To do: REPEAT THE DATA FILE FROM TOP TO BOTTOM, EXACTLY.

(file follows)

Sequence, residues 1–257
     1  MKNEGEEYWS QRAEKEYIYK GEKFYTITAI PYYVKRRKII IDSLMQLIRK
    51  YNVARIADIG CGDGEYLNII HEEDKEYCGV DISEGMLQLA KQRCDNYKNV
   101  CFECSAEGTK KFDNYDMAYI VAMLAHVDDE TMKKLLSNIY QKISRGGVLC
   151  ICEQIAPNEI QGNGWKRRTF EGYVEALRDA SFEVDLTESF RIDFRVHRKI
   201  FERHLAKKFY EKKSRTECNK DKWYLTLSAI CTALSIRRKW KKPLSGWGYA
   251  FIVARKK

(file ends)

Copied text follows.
Sequence, residues 1–257
     1  MKNEGEEYWS QRAEKEYIYK GEKFYTITAI PYYVKRRKII IDSLMQLIRK
    51  YNVARIADIG CGDGEYLNII HEEDKEYCGV DISEGMLQLA KQRCDNYKNV
   101  CFECSAEGTK KFDNYDMAYI VAMLAHVDDE TMKKLLSNIY QKISRGGVLC
   151  ICEQIAPNEI QGNGWKRRTF EGYVEALRDA SFEVDLTESF RIDFRVHRKI
   201  FERHLAKKFY EKKSRTECNK DKWYLTLSAI CTALSIRRKW KKPLSGWGYA
   251  FIVARKK